On a Roll After Shoulder Surgery

Ruben Perez

August 10, 2020

A few years ago, Ruben Perez, M.D., a primary care doctor in Union City, New Jersey, set out on a quest to lose weight and improve his health. And he succeeded—losing more than 100 pounds through diet and exercise over the course of four years. His favorite form of exercise became long-distance cycling. He would meet up with fellow cyclists on weekends for 80- to 100-mile rides.

But during a downhill run in New York’s Bear Mountain State Park on Jan. 11, 2020, Dr. Perez lost control of his bike, crashed and went down in the middle of the road.

Dazed and in excruciating pain, he was rushed to a local hospital in Nyack, New York, where he underwent X-rays and a CT scan. His diagnosis: a badly fractured scapula, the bone that forms the shoulder blade. He would need to have it surgically repaired.

Once he was discharged from the hospital, Dr. Perez put a call in to orthopedic surgeon Siddhant Mehta, M.D., Ph.D. Dr. Mehta had recently introduced himself to Dr. Perez as part of a series of visits to area primary care providers.

Dr. Mehta responded quickly to Dr. Perez’s call and saw him in the Emergency Department at Palisades Medical Center the same day, where he evaluated the injury and the scans taken in New York. As an orthopedist who specializes in shoulder and elbow injuries, Dr. Mehta knew the surgery would be a challenge.

“Dr. Perez had a complex and rare injury,” Dr. Mehta explains. “The scapula was essentially in four different pieces.” Three of the pieces involved the socket where the large arm bone was supposed to fit, and the fourth piece was along the scapular body, or shoulder blade. “There are many ways to fracture the scapula, but when the socket is damaged and displaced, it usually requires surgery to heal properly.”

“My father’s shoulder was demolished,” says Jacqueline Perez, Dr. Perez’s daughter. “He was scheduled for surgery on January 14, and he was so confident that Dr. Mehta would do a great job.”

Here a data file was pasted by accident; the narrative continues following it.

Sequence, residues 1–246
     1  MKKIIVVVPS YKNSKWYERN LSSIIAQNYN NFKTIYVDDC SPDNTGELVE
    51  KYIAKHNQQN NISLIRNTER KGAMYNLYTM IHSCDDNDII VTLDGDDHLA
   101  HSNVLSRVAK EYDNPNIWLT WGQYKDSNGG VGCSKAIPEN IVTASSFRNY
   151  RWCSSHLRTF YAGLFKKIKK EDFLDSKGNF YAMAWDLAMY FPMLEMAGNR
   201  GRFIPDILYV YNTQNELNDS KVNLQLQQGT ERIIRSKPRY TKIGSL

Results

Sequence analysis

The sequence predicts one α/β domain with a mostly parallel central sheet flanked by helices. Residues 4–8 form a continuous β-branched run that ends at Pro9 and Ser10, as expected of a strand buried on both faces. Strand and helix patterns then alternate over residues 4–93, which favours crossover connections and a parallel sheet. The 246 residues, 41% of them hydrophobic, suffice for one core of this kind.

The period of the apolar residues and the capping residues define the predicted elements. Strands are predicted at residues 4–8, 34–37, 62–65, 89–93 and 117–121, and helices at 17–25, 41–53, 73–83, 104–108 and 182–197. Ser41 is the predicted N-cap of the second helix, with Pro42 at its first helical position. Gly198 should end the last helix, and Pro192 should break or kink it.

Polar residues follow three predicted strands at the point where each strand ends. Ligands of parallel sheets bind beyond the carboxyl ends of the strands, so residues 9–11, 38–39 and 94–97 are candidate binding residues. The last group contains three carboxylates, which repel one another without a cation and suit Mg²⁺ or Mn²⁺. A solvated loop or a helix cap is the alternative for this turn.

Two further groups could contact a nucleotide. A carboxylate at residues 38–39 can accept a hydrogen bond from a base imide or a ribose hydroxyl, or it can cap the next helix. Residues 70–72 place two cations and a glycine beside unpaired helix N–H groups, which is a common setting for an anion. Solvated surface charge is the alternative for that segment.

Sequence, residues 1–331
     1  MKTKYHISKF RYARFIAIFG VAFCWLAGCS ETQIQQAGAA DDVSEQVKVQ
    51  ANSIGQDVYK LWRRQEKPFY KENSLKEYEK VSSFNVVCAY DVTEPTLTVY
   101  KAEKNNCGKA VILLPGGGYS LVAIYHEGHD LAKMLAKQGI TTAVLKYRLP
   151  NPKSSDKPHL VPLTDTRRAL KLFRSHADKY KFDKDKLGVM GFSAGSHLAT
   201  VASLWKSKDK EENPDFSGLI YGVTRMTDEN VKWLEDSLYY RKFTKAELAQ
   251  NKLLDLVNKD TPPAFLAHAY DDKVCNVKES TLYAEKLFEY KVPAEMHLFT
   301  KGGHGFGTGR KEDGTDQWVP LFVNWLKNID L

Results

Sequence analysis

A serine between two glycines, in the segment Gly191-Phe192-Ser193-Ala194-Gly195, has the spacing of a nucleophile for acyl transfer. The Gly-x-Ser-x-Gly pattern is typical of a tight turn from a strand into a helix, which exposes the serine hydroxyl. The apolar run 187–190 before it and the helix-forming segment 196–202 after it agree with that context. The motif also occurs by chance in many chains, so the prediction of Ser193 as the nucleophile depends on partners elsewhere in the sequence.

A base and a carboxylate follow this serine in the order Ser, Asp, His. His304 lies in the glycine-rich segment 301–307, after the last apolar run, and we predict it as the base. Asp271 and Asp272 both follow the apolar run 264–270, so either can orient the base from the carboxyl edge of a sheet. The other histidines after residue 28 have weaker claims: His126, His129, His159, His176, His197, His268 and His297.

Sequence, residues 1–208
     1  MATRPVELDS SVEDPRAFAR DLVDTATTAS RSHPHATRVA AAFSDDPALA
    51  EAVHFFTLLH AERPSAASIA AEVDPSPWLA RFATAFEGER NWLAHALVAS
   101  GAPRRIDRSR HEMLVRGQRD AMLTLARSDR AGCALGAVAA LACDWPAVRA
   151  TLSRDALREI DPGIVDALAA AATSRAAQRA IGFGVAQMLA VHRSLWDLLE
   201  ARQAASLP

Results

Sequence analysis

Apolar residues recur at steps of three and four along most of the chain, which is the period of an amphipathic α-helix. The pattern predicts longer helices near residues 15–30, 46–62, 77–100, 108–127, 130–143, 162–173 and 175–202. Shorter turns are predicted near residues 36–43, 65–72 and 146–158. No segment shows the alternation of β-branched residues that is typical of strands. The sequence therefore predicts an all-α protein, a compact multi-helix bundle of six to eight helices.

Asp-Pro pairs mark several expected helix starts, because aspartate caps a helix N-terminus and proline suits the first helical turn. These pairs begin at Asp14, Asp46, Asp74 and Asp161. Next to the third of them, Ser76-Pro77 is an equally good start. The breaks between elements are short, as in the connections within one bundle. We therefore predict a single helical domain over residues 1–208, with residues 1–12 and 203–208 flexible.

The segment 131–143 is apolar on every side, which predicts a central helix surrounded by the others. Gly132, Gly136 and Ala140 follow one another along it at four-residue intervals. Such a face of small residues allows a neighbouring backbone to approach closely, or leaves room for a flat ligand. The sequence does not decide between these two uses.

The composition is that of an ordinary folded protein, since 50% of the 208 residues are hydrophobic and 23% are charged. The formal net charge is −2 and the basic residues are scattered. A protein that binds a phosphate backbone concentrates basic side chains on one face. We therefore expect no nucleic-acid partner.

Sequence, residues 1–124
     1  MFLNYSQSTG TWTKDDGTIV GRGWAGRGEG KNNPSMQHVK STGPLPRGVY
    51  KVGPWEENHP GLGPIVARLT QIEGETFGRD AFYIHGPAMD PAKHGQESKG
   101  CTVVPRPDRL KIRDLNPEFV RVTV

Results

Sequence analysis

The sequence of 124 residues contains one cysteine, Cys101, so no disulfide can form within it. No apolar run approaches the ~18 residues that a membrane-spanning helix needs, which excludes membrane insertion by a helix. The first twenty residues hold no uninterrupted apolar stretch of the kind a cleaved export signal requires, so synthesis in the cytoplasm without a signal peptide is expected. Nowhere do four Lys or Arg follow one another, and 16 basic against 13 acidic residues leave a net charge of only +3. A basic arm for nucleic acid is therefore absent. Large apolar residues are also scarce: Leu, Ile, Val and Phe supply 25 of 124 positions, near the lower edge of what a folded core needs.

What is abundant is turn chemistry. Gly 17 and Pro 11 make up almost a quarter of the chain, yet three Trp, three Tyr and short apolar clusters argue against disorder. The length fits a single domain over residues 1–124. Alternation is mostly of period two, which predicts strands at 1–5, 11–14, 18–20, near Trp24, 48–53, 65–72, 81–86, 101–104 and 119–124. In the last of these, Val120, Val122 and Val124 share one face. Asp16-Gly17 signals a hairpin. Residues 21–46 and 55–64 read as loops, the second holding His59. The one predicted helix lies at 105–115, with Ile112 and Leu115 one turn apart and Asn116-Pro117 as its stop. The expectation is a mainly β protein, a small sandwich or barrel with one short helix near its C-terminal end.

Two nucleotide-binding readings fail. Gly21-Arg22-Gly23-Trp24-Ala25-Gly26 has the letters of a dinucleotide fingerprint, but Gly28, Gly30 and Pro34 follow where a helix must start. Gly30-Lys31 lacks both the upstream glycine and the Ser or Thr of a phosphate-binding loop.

The surgery lasted nearly six hours, during which time Dr. Mehta secured the fractured bones with plates and screws. Dr. Perez was discharged from the hospital after two days.

“He had a very quick recovery,” says Dr. Mehta. It was important to immobilize the shoulder in a sling. Despite that, Dr. Perez pushed himself, going into his office to see patients the Monday following his surgery.

Once he got the go-ahead from Dr. Mehta, Dr. Perez began doing range-of-motion exercises at home. He used a small pulley device with a rope that he hooked over a door. He would hold each end of the rope, pull down with his uninjured left arm and slowly raise his right arm. To improve lifting to the side, Dr. Perez stood with his right shoulder blade braced against a wall and, holding a lightweight rod, slowly lifted his hand outward from his hip and up. As he gained mobility, he was then able to transition to light weight-bearing exercises.

Even though Jacqueline thought her dad was a little fanatical for pushing himself so hard, he was anxious to get back on his bike. “He was actually hiding it from me,” she says, “but he was back at it after about three or four weeks.”

“Dr. Mehta was always available and so confident,” Dr. Perez says, adding that he followed Dr. Mehta’s advice every step of the way. “I had to show everyone what good work he had done, so I was very compliant.”

In the end, both doctors are pleased—Dr. Perez, especially. “I am back to 105 percent,” he says. He has even persuaded Dr. Mehta to take up cycling to maintain health and fitness. They are looking forward to some great rides together.

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The material provided through HealthU is intended to be used as general information only and should not replace the advice of your physician. Always consult your physician for individual care.

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